May 5th ~ Explore Desert & Todra Gorge, Overland to Ait Ben Haddou, Morocco
How wonderful it was to wake up early in the desert. It was still sprinkling, but much lighter than the downpour we heard pounding on the roof of the tent during the night. Lucky for us, the tent did not leak and we had a good nights sleep.
The dunes were quiet, but how funny to see our group with umbrellas climb the sand dunes to watch the sun come up and the next group of tourists venture out on their chosen camels.
It is so unusual for rain in the desert and this certainly added an entirely different element to the trip. Already rumors are circulating with concerns about flash flooding as we left camp in our 4×4 to meet up with our bus, driver and bus boy.
And not far ahead we were stopped as the mountain run-off was cascading across the road and traffic was stopped in both directions.
After much discussion, a large truck decided to attempt the crossing. We held out breath as headlines flashed through my mind about cars being swept away and occupants drowned. Well, my dear hubby thought I was being too melodramatic, but I still had my fingers crossed and said a little prayer as our bus also waded across.
This entire scenario was repeated once more later in the day.
By mid-morning it had been confirmed that the road we needed to take the next day to Marrakesh had been closed due to a rock slide. It was unknown if it would be opened before we were scheduled to depart the next morning for that lap of our journey. Our guide, Ham, could only express it as “Inshallah” (God willing or if God wills) which we were to hear repeated many times over the next few days.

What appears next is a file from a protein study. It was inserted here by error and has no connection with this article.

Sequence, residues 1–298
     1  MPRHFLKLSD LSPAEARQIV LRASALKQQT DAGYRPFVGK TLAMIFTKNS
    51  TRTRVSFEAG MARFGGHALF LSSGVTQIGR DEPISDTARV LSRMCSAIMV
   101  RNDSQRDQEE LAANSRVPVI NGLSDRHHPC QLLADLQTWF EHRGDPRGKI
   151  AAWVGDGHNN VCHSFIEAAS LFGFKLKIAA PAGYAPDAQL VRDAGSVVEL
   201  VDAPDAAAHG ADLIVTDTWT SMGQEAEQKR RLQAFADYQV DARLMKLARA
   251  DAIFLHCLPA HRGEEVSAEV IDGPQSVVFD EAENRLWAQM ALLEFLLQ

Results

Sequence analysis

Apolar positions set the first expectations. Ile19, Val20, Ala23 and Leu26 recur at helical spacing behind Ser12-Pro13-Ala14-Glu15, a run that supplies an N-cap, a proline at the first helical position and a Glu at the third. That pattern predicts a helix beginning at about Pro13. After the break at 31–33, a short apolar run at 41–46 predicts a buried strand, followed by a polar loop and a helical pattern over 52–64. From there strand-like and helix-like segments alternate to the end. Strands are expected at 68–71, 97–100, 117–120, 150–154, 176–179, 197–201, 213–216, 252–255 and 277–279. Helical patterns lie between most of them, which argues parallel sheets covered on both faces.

We see many pools of water, and once again we are privileged to be able to capture scenes that are not your every day pictures.
Passing though one of several small towns or villages, we saw the same pastel colors that have been so prominent everywhere throughout Morocco.
We are headed toward the oasis of Tinghir for lunch.
“Tinghir is an oasis about 30 kilometres (19 mi) long and about 4 kilometres (2.5 mi) wide. The climate is arid subtropical: hot, dry winters in relation to altitude (1,430 metres (4,690 ft)). There are a few rainy days per year, with the greatest precipitation in fall and winter.” Wikipedia
HaHa, the weather Gods sure fooled them!
But the views as we overlooked the oasis were amazing.
Our literature from Gate 1 claimed that the Todra Gorge, a deep ravine carved by the Todra River would be the real attraction here. I have to say that I’m glad I saw it, but it was not quite a “wow” having seen so many amazing rock formations in our own National Parks.
On to the Dades Valley, where roses bloom in profusion in springtime. Rose water is one of the local products.
Once again we were staying in a Riad. Our room was not nearly as colorful, luxurious or traditional at the Riad in Fez, but the grounds were lovely.
We tried to convince Ham that we should stay here until the road to Marrakesh opened, but sadly we were overruled.
Overnight: Riad Ksar Ighnda, Ait Ben Haddou
GRATITUDE MOMENT: Today I am grateful for a safe crossing over a swollen river that threatened to wash out the road – twice.